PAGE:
In Munich last month the Nazis and Japs were clasped in a tender esthetic embrace. Nazi Playwright Curt Langenbeck had adapted the most famed of Japanese dramas, The 47 Rōnin, which was produced with considerable care and éclat. To the opening of Treue (Loyalty) went Gauleiter Giesler and other Nazi party officials to welcome the representatives of "our great ally," Japanese Ambassador Oshima, Japanese Minister Sakuma.
Treue richly satisfies the Jappetite for bloodshed. It contains 49 successful murders and suicides, a few unsuccessful ones. The story tells how 47 faithful Ronin (knights), led by one of the Rōnin, Yuranosuke, avenge the assassination of feudal War Lord Yenya. Having dispatched the assassin, Prince Moronao, all 47 commit hara-kiri at Yenya 's grave as a sign that their oath of feudal loyalty holds good even to death.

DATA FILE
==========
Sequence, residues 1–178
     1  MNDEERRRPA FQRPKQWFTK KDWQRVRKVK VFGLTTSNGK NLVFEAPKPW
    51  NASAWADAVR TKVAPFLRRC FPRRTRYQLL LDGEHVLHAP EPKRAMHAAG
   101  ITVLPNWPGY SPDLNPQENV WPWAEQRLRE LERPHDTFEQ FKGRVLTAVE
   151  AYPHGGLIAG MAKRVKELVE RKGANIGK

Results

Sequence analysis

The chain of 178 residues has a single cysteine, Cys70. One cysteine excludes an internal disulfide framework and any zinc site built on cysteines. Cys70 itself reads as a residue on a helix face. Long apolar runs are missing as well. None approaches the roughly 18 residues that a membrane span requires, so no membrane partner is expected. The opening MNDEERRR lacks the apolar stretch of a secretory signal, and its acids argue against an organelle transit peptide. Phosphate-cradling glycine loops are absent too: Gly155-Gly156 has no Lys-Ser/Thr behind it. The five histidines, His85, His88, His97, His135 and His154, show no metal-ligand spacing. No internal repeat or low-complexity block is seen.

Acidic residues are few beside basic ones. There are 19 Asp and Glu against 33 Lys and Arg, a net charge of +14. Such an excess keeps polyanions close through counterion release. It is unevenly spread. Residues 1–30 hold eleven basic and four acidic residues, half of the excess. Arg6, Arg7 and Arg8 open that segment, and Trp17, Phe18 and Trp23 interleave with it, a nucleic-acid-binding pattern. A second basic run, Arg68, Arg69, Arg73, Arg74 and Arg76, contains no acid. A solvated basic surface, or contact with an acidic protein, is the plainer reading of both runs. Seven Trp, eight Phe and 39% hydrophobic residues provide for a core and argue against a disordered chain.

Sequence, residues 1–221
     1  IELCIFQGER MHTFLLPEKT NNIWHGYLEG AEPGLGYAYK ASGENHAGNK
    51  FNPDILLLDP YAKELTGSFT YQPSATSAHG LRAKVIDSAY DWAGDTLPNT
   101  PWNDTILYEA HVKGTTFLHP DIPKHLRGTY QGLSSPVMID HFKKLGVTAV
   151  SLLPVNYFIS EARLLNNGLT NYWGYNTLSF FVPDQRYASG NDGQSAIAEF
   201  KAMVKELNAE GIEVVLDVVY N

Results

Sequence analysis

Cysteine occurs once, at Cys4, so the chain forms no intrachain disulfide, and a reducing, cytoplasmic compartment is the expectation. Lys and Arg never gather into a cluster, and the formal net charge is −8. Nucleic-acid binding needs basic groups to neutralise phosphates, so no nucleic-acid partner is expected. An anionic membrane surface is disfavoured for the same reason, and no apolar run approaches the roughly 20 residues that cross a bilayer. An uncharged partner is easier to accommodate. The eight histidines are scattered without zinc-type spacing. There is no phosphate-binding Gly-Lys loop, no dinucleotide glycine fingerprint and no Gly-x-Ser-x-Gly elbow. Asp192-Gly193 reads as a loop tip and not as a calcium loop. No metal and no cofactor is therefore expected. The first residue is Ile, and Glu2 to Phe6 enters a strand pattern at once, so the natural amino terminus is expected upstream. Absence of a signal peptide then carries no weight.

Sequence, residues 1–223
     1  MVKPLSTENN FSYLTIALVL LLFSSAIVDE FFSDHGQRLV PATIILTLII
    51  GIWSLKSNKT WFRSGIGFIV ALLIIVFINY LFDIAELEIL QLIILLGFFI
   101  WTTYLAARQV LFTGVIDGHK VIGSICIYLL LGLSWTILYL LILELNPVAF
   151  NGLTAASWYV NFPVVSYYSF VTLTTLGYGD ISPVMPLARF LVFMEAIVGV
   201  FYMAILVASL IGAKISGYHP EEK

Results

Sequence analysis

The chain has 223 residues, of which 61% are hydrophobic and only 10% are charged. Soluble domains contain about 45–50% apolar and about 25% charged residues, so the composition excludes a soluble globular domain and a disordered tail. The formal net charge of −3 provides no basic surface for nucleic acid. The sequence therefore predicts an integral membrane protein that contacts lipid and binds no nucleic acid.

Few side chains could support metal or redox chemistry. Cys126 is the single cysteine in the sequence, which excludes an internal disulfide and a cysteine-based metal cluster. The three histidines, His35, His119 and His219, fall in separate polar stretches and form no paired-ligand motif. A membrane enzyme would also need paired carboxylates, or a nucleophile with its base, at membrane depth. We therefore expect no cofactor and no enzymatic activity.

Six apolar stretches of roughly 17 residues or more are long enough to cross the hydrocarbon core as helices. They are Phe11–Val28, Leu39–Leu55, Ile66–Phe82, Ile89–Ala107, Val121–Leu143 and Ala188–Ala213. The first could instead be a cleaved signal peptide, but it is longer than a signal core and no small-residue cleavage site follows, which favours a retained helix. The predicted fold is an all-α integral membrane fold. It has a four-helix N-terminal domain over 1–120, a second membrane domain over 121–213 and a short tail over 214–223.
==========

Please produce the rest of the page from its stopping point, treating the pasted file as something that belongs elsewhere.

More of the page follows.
Earlier, Yenya's disconsolate widow al most wrecks the plot. Becoming suspicious of Yuranosuke's wily pretense of inactivity, she decides to avenge her hus band herself; but her two attempts to kill Moronao fail. According to the Muenchner Neueste Nachrichten, the knowledge that, had she succeeded, 47 lives would have been saved, represents "a peak of tragic irony." The same newspaper found much else to praise. Especially fetching was Playwright Langenbeck's introduction of "humorous contrast" into his tragic scenes. For example: in the scene where Yuranosuke outlines the plan of vengeance to the Ronin, this produced a "great dramatic effect." Better yet, said the Neueste Nachrichten, Treue promotes mutual under standing between Japan and the Third Reich.
Top acting honors went to Paul Wagner, who played Yuranosuke "with exceptional virility."